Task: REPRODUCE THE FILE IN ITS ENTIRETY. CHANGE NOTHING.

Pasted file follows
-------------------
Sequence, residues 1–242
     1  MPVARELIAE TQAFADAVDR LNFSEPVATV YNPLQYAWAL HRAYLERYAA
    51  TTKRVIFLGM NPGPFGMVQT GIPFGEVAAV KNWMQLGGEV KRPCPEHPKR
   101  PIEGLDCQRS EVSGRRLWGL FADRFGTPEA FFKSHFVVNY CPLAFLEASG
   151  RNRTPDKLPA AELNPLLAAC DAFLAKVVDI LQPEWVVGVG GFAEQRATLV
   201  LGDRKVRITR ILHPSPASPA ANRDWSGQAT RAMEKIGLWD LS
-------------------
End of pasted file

Sequence, residues 1–242
     1  MPVARELIAE TQAFADAVDR LNFSEPVATV YNPLQYAWAL HRAYLERYAA
    51  TTKRVIFLGM NPGPFGMVQT GIPFGEVAAV KNWMQLGGEV KRPCPEHPKR
   101  PIEGLDCQRS EVSGRRLWGL FADRFGTPEA FFKSHFVVNY CPLAFLEASG
   151  RNRTPDKLPA AELNPLLAAC DAFLAKVVDI LQPEWVVGVG GFAEQRATLV
   201  LGDRKVRITR ILHPSPASPA ANRDWSGQAT RAMEKIGLWD LS